The 10 virtues of the current King

     Since the ancient times when the country was under absolute monarchy, the virtues have been practised by Thai kings as guiding principles.

     His Majesty the King has adhered to the 10 royal virtues (Dhosapit Raja Dharma) since his accession to the throne on June 9, 1946. He declared during his coronation ceremony on May 5, 1950, that: “I will rule the land righteously for the benefit and happiness of the Siamese people”. By the word “righteously”, the King referred to the 10 guiding principles and virtues in Buddhism.

     Teachings about the 10 royal virtues existed before the time of Lord Buddha. The teachings were promoted by Lord Buddha, who taught the “virtues for monarchs” to his principles.

     The 10 virtues are: Dana (giving), Sila (self conduct), Paricaga (giving up), Ajava (straightness), Maddava (gentleness), Tapa (perseverance), Akkodha (non-anger), Avihimsa (not causing harm), Khanti (endurance or patience), and Avirodhana (not going wrong).

     For the first virtue of Dana (giving), His Majesty presented things to citizens to help relieve their sufferings and to improve their quality of life. These included land and equipment for farming, projects to build reservoirs and check dams, among other things. Part of the donations came from his personal assets and others were donated by wealthy people. The King also gave and share knowledge by offering advice to those involved in various fields.

     In practicing the second virtue of Sila (self conduct), His Majesty speaks politely and acts gracefully and calmly wherever he goes and whoever he talks to. He speaks as much as necessary and only about useful things while refraining from saying anything that would cause damage to other people. He has great control over his manners and conduct.

     His Majesty gives up his personal benefit for the interest of the public. And this is the third virtue of Paricaga (giving up). The King spent eight months each year visiting people in every part of the country, even in rural and remote areas.

     The King is also honest to his duties and his people, which is the fourth royal virtue of Ajava (straightness). He is steady in performing his duties and his conviction in his subjects. Even when he was ill, if the illness was not serious, he often went to perform his duties without fail.

     As for the fifth royal virtue of Maddava (gentleness), His Majesty speaks and acts gently. He is often seen speaking to people with smiles and in a gentle voice. He is polite and not arrogant. And it is due to this virtue that he is loved by the people, who travel a long way to greet him when the King went to their areas.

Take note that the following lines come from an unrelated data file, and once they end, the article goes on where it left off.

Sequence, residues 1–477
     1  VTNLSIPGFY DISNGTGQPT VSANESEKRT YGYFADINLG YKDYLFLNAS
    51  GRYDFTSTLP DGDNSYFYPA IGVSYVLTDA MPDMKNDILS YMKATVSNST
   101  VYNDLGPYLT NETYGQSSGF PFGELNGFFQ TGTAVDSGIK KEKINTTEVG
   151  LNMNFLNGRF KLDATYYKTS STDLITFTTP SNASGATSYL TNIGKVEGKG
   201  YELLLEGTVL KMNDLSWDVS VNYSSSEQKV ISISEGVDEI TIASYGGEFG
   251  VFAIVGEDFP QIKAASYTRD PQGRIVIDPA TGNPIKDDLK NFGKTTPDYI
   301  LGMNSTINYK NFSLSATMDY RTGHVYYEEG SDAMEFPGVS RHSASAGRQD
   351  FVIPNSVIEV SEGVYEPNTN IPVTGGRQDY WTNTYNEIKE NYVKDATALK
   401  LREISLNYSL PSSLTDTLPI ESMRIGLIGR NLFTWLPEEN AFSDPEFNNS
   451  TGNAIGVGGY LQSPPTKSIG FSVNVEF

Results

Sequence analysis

His Majesty has the sixth royal virtue of Tapa (perseverance); his displays persistent determination in performing his work. He is strong-willed and not easily discouraged. Thanks to this virtue of the King, there have been more than 1,000 royally initiated pilot projects of various areas throughout the country. Tapa refers to willingness to eliminate bad things and create good things for the benefit of oneself and others.

     Another virtue possessed by the King is Akkodha (non-anger), which refers to the ability to subdue anger, aggressiveness and vengefulness. While performing his work, His Majesty has never been seen acting angrily or aggressively.

     And practising that previous virtue of non-anger and no vengefulness, His Majesty also has the next royal virtue of Avihimsa (not causing harm). He has never caused harm to any person or any animal.

     In performing his duties in various locations, His Majesty displays his virtue of Khanti (endurance or patience). His work often brought the King to remote places and sometimes he had to be under the hot sunlight or in the rainfall. Thanks to this virtue in him, His Majesty manages to complete his work with great result.

     And the King has strictly followed the traditions of the Thai monarchy and the country, in addition to acting as a good example for his people in many ways. This is the last royal virtue of Avirodhana (not going wrong). It refers to the ability to follow the righteous and proper path, as the King said in his first command after his coronation: “I will rule the land righteously”.

     His Majesty performs his work as the head of state, without keeping himself away from the government and the people. He has performed his work regularly and without fail since the beginning of his reign until today.

     A king or a leader who can unite people must have good principles and virtues to follow, so that he can serve as a good example and can be relied upon by his people. The teaching about the 10 royal virtues should be followed not only by a monarch, but also a government figure, a bureaucrat or any ordinary citizen. It is because every person has to do governing in their part -- governing themselves, governing society, and governing the country.